Program Planning Meeting Report: Almost 30 LWVF members and guests participated in an agenda-packed Program Planning meeting which resulted in the choice of three priority issues for the current year. The priorities are Climate Change, Get Out the Vote, and Early Education Zero to Five. The priorities were voted on after presentations on the above issues as well as on Water Sustainability by Diane Merrill, Housing by Nyla Zender, and Homelessness by Marianne Kast. Although these issues were not among the top three, the speakers are planning to go forward with activities supporting these topics.
Committees are forming for the priorities and will be lead by: Climate Change Committee will be lead by Andrea Farber De Zubiria and Connie Young, officers of Citizens’ Climate Lobby; Get Out the Vote will be lead by Sue Goldman and Liz Shields, in charge of Voter Services;and Early Education 0-5 will be led by Kay Bertken, chair of the Education Committee. Each group will meet and decide on specific issues on which to focus for the year. League members and their friends who are interested in any of these issues and want to participate in any capacity should contact Patty Campbell, Program Planning chair, at firstname.lastname@example.org, or call 352-5192.
In addition to local priorities, our Education Committee’s report on LWVF Report on Charter Schools, which is available on our web site, has caught the attention of education personnel on the State League Board. Our membership approved adding the proposal to our existing education policy and will be forwarded to the State League for possible consideration as a nonrecommended program at the convention.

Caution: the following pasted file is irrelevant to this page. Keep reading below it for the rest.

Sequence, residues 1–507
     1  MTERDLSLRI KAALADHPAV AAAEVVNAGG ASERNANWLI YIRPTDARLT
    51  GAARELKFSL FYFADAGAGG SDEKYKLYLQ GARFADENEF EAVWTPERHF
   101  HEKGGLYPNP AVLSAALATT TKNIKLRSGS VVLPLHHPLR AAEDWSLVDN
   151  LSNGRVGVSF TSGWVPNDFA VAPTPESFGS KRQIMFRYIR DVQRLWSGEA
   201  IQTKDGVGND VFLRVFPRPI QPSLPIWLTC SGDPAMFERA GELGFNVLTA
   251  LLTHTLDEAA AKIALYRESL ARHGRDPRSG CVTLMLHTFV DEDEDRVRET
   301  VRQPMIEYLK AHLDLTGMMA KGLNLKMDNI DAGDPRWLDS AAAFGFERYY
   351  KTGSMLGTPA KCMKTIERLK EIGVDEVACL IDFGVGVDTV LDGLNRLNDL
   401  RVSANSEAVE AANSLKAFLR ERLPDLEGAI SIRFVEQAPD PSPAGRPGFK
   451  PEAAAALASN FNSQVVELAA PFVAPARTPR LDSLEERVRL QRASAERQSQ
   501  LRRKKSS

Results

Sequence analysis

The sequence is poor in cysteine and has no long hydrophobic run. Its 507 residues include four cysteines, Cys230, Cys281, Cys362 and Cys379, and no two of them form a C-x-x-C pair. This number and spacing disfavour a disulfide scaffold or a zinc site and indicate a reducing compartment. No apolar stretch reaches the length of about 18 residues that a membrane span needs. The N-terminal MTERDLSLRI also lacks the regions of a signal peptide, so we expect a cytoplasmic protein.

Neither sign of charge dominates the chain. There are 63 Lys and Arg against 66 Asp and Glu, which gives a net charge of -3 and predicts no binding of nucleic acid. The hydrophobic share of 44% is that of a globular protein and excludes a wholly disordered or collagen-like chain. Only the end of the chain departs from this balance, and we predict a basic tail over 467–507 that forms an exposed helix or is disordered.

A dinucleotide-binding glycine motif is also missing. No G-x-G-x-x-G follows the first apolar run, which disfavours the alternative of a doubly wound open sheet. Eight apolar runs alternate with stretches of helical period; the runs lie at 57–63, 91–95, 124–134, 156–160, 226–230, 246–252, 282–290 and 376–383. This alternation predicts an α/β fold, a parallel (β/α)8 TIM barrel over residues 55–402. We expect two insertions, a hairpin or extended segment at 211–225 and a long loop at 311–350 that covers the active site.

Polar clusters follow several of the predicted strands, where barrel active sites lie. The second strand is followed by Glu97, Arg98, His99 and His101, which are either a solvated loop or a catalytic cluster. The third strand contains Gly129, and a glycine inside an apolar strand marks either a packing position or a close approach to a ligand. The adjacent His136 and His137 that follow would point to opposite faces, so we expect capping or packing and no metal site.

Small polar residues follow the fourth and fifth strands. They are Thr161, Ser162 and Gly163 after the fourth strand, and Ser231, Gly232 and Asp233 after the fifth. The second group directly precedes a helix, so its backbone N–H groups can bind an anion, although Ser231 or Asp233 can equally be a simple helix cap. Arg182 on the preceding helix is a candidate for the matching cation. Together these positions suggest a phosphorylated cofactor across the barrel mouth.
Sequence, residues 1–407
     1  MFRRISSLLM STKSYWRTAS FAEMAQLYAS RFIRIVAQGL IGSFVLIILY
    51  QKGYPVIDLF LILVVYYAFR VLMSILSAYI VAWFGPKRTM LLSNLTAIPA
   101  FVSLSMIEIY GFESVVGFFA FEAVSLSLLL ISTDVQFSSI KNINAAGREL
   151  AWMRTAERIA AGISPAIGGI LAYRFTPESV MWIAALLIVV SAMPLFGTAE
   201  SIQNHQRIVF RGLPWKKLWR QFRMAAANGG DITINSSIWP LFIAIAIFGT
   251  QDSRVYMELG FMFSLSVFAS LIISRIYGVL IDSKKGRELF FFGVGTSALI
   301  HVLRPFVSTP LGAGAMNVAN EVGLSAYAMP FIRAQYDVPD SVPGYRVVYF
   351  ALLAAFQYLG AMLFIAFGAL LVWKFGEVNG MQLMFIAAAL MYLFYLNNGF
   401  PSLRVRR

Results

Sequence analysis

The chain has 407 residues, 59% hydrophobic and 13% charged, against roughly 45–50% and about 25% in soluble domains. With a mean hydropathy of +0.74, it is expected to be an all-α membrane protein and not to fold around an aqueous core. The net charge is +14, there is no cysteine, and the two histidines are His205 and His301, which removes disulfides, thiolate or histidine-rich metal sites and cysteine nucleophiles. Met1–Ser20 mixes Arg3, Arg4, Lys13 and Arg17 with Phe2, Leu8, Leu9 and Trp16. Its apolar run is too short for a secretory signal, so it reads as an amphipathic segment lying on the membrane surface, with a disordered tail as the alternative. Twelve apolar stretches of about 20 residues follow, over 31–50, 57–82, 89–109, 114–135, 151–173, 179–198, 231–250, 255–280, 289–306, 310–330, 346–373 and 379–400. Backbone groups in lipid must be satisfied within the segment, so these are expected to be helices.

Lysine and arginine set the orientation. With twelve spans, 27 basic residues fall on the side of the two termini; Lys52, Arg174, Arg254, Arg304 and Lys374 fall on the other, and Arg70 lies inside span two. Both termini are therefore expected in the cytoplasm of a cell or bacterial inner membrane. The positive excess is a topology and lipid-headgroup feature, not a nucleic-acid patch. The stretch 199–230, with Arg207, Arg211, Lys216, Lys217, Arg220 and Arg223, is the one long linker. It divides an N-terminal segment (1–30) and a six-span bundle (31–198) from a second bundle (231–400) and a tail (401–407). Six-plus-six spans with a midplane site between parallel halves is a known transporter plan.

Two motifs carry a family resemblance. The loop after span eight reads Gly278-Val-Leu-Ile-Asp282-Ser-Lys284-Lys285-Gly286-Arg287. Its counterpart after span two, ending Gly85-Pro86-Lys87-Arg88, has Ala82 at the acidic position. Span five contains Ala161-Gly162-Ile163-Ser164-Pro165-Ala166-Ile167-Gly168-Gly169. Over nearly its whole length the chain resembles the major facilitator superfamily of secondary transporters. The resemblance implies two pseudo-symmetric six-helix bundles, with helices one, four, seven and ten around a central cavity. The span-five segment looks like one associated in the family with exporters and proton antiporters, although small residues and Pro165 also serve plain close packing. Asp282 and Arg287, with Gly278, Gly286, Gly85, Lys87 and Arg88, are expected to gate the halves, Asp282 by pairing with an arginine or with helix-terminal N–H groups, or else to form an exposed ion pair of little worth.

CHARTER SCHOOL PROPOSAL APPROVED BY MEMBERS The following proposal from our Education Committee was approved by members at Program Planning to add to the LWVF position on education, and also to forward to LWVC for possible inclusion as a non-recommended item at the convention in May. The League of Women Voters of Fresno supports the concept of educational choices for parents and students within the public school system, including charter schools. The League supports the implementation and enforcement of academic, equity, and financial standards for the authorization and renewal of charter schools. A public charter school should be authorized and under the oversight of a locally elected district within which it resides. It should not be governed by an entity without ties and accountability to the community whose students it serves. Charter schools should be required to report the same academic and financial data to the state and the public as any other public school and school district. Expansion of an existing charter to new sites should trigger an evaluation of the charter school’s effectiveness and compliance with its contract.
In addition to discussions around issues that the LWVF Board brought to the meeting, we were also asked by LWVCalifornia to review its request to approve Making Democracy Work as the state priority for 2019 – 2021. The focus will be on voter protection, money in politics, redistricting, and an inclusive 2020 Census. Program planning participants unanimously approved the state’s request.
Concurrence issues: In an unusual segment of the program, members were asked to review four requests for concurrence from other state leagues that put forth proposals that they hope will come before the state convention in May. Concurrence was agreed to on a proposal from San Luis Obispo County which would promote civil discourse as part of an already existing government policy. Concurrence was also approved for a proposal from San Diego County on homelessness. Two concurrence proposals which were denied by our league were from Los Angeles County on Criminal Justice Reform., and Voter Representation from Sacramento County; it was thought that both of these required broader study for local applicability. If you are interested in learning more about these four concurrence issues you may do so at each of the appropriate League’s websites. Francine Farber email@example.com